Thomas Trappenberg Autonomous Robotics: Supervised and unsupervised learning.

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Thomas Trappenberg Autonomous Robotics: Supervised and unsupervised learning

Three kinds of learning: 1.Supervised learning 2. Unsupervised Learning 3. Reinforcement learning Detailed teacher that provides desired output y for a given input x: training set {x,y}  find appropriate mapping function y=h(x;w) [= W  (x) ] Delayed feedback from the environment in form of reward/ punishment when reaching state s with action a: reward r(s,a)  find optimal policy a=  *(s) Most general learning circumstances Unlabeled samples are provided from which the system has to figure out good representations: training set {x}  find sparse basis functions b i so that x=  i c i b i

Some Pioneers

1.Supervised learning Maximum Likelihood (ML) estimation: Give hypothesis h(y|x;  ), what are the best parameters that describes the training data Bayesian Networks How to formulate detailed causal models with graphical means Universal Learners: Neural Networks, SVM & Kernel Machines What if we do not have a good hypothesis

Fundamental stochastisity Irreducible indeterminacy Epistemological limitations Sources of fluctuations  Probabilistic framework Goal of learning: Make predictions !!!!!!!!!!! learning vs memory

Goal of learning: Plant equation for robot Distance traveled when both motors are running with Power 50

Hypothesis: Learning : Choose parameters that make training data most likely The hard problem : How to come up with a useful hypothesis Assume independence of training examples and consider this as function of parameters (log likelihood) Maximum Likelihood Estimation

Minimize MSE 1.Random search 2.Look where gradient is zero 3.Gradient descent Learning rule:

MLE only looks at data … What is if we have some prior knowledge of  ? Bayes’ Theorem Maximum a posteriori (MAP)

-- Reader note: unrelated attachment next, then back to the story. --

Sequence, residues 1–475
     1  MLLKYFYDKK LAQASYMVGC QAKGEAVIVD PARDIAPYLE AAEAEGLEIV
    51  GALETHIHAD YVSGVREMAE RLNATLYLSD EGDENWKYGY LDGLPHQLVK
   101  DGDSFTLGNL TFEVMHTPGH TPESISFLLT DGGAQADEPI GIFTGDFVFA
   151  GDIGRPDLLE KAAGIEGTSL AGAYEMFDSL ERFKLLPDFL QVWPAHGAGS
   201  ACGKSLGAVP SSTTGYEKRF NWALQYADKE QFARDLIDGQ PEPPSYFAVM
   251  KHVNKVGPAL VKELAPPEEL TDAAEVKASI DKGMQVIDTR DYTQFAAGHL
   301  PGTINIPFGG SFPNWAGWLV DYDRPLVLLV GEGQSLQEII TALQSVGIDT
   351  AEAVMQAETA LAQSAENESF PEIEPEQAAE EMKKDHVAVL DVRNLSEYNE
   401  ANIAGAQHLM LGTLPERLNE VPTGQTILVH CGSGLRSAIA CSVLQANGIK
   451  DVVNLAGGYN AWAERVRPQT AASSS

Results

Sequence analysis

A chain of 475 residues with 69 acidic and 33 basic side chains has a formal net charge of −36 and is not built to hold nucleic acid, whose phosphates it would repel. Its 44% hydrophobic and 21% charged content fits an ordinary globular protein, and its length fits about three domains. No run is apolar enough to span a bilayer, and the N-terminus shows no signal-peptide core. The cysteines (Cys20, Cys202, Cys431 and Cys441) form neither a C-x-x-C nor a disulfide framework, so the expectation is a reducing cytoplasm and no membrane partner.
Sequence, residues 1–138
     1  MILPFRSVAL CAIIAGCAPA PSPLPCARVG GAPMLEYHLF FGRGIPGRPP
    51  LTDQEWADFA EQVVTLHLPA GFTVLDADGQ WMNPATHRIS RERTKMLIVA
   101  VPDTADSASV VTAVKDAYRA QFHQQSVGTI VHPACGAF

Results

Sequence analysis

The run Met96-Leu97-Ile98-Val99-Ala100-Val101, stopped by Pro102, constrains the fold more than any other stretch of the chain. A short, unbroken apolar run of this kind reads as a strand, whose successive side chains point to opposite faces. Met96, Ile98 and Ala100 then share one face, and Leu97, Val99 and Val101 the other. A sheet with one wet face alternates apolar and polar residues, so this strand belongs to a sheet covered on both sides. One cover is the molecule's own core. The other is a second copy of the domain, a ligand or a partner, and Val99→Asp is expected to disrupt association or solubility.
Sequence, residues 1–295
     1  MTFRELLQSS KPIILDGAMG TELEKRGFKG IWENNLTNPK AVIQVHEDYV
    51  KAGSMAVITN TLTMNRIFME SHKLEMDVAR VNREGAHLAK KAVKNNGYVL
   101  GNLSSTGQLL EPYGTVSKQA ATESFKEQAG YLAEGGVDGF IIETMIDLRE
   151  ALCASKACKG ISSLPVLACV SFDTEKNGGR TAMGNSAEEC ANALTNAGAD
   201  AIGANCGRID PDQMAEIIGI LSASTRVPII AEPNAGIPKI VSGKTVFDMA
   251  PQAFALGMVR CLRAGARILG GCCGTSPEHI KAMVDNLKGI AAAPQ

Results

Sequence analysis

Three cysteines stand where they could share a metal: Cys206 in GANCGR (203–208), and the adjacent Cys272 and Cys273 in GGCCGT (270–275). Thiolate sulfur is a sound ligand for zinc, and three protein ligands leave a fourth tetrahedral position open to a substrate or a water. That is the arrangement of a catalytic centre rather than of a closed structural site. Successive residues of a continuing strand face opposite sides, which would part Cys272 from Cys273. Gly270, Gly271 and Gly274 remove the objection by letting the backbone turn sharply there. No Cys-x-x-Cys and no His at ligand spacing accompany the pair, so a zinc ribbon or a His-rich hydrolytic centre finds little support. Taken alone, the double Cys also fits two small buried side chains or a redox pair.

How about building more elaborate multivariate models? Causal (graphical) models (Judea Pearl) Parameters of CPT usually learned from data!

Hidden Markov Model (HMM) for localization

How about building more general multivariate models? 1961: Outline of a theory of Thought-Processes and Thinking Machines Neuronic & Mnemonic Equation Reverberation Oscillations Reward learning Eduardo Renato Caianiello (1921-1993) But: NOT STOCHASTIC (only small noise in weights) Stochastic networks: The Boltzmann machine Hinton & Sejnowski 1983

McCulloch-Pitts neuron Also popular: Perceptron learning rule: ( )

MultiLayer Perceptron (MLP) Universal approximator (learner) but Overfitting Meaningful input Unstructured learning Only deterministic units Stochastic version can represent density functions (just use chain rule)

Linear large margin classifiers  Support Vector Machines (SVM) MLP: Minimize training error SVM: Minimize generalization error (empirical risk)

Linear in parameter learning + constraints Linear in parameters Thanks to Doug Tweet (UoT) for pointing out LIP Linear hypothesis Non-Linear hypothesis SVM in dual form

Linear in parameter learning Primal problem: Dual problem: subject to

Nonlinear large margin classifiers  Kernel Trick Transform attributes (or create new feature values from attributes) and then use linear optimization Can be implemented efficiently with Kernels in SVMs Since data only appear as linear products for example, quadratic kernel

2. Sparse Unsupervised Learning

How to scale to real (large) learning problems Structured (hierarchical) internal representation What are good features Lots of unlabeled data Top-down (generative) models Temporal domain Major issues not addressed by supervised learning

Sparse features are useful What is a good representation?

Horace Barlow Possible mechanisms underlying the transformations of sensory of sensory messages (1961) ``… reduction of redundancy is an important principle guiding the organization of sensory messages …” Sparsness & Overcompleteness The Ratio Club

minimizing reconstruction error and sparsity PCA

Self-organized feature representation by hierarchical generative models

29 Restricted Boltzmann Machine (RBM) Update rule: probabilistic units (Caianello: Neuronic equation) Training rule: contrastive divergence (Caianello: Mnemonic equation) Alternating Gibbs Sampling

30 Geoffrey E. Hinton Deep believe networks: The stacked Restricted Boltzmann Machine

Sparse and Topographic RBM … with Paul Hollensen

…with Pitoyo Hartono Map Initialized Perceptron (MIP)

RBM features